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Mosque riles politicians in Tennessee
Plans for Muslim center a major campaign issue in two big races
Knoxville Mayor Bill Haslam and Rep. Zach Wamp, a Republican, are also seeking the gubernatorial nomination. According to the most recent poll in the race, a Mason-Dixon survey of 400 likely voters taken July 19-21, Mr. Haslam has 36 percent support, to Mr. Wamp’s 25 percent and Mr. Ramsey’s 20 percent. All three men led Democrat Mike McWherter in hypothetical November matchups.
David Smith, a spokesman for Mr. Haslam, said, “The mayor’s faith is very important to him, and he respects the right of others to practice their faith, so long as they are respectful of the communities in which they live and the laws of the land.”
Mr. Wamp could not be reached for comment.
Opposition to the Islamic center in Murfreesboro is one of the “mosque wars” now raging across the country, perhaps the most controversial involving plans to build a mosque just blocks from the World Trade Center site in New York City. The plan, which cleared a major hurdle Tuesday with the Landmarks Preservation Commission, has been criticized by such national political figures as former Alaska Gov. Sarah Palin and former House Speaker Newt Gingrich.
But fights over mosques are not new to Tennessee. Plans to build an Islamic center in Brentwood were dismissed in May in the face of widespread local criticism.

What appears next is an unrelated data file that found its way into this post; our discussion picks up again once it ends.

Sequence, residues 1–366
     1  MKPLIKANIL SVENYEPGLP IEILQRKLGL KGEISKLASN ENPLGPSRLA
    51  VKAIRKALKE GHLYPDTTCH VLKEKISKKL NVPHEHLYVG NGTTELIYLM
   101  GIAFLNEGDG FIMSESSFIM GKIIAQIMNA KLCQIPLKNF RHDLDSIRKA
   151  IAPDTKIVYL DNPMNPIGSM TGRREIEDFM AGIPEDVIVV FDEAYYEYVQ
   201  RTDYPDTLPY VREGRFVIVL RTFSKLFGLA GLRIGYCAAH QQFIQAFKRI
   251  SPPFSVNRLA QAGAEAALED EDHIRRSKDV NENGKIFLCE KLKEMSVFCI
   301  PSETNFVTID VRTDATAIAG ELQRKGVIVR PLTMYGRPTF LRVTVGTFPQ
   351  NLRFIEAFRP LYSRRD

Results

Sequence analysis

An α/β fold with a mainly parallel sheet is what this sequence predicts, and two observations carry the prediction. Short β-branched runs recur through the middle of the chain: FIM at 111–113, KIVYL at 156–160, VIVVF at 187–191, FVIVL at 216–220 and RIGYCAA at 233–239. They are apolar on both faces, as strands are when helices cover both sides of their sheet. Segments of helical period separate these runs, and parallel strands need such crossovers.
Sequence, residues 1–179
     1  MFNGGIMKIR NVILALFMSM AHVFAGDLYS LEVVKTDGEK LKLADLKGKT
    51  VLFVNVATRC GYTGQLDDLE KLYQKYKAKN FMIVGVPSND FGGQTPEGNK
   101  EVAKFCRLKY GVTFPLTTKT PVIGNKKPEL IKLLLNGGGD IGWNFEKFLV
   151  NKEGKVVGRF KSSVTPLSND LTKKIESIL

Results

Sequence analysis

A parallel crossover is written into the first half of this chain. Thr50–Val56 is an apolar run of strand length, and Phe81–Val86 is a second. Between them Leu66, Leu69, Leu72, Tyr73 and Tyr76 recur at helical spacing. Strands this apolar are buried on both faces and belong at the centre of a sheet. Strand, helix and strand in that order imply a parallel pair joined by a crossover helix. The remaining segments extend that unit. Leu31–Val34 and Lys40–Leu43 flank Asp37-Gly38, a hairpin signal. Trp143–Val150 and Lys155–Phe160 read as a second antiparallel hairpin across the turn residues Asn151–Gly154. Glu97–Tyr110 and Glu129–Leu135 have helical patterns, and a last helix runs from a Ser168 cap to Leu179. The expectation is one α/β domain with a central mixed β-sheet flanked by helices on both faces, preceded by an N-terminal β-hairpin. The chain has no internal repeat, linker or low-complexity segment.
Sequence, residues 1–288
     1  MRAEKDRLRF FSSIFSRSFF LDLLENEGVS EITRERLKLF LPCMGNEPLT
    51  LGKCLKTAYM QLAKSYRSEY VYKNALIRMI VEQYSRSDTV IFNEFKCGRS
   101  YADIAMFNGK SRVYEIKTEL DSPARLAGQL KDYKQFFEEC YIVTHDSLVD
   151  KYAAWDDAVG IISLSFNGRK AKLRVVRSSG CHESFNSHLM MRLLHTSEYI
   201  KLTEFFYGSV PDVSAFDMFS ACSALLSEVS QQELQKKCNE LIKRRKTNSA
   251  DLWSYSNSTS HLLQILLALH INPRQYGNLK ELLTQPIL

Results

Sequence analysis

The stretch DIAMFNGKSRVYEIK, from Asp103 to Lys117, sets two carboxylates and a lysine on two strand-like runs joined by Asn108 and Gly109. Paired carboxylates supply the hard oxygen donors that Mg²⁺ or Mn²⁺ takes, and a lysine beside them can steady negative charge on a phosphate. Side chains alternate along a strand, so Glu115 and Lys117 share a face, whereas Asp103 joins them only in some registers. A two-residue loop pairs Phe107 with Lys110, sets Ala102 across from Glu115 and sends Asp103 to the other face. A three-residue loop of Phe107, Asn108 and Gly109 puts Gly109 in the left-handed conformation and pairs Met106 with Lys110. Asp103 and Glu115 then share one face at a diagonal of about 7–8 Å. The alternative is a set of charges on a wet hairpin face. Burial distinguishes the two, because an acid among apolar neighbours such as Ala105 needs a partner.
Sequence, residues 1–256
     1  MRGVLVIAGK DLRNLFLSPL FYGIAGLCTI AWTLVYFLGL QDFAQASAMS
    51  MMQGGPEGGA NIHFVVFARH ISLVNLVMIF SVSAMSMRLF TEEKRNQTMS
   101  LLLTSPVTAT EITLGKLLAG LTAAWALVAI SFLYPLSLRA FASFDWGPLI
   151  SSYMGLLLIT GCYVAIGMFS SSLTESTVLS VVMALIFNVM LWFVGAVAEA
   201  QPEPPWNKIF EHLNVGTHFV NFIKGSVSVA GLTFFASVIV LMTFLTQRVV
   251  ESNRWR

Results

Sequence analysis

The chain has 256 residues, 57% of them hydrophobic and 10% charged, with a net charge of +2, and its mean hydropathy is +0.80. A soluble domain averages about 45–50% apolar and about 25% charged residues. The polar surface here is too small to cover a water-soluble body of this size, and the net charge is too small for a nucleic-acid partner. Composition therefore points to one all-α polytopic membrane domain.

Richard McGregor, an associate professor of religious studies at Vanderbilt University, said he understands both sides of the argument but that many Americans have a limited view of Islam.
“The average person in the United States and in the South, who might not be subject to a whole lot of diversity, tends to skew and color their impression of the Islamic world,” he said. “As an observer, I can certainly see on one end the freedom of religion. On the other hand, some may talk about zoning but not far below the surface, they believe that America is at war and [Muslims] should be seen as traitors.”
The Muslim community is also “fighting extremism” and is just as worried about terrorism as anyone else. Most of those who oppose the mosque “don’t understand this battle that is going on when in fact, [Muslims] are fighting to then nail to preserve their own communities,” he said.
© Copyright 2014 The Washington Times, LLC. Click here for reprint permission.
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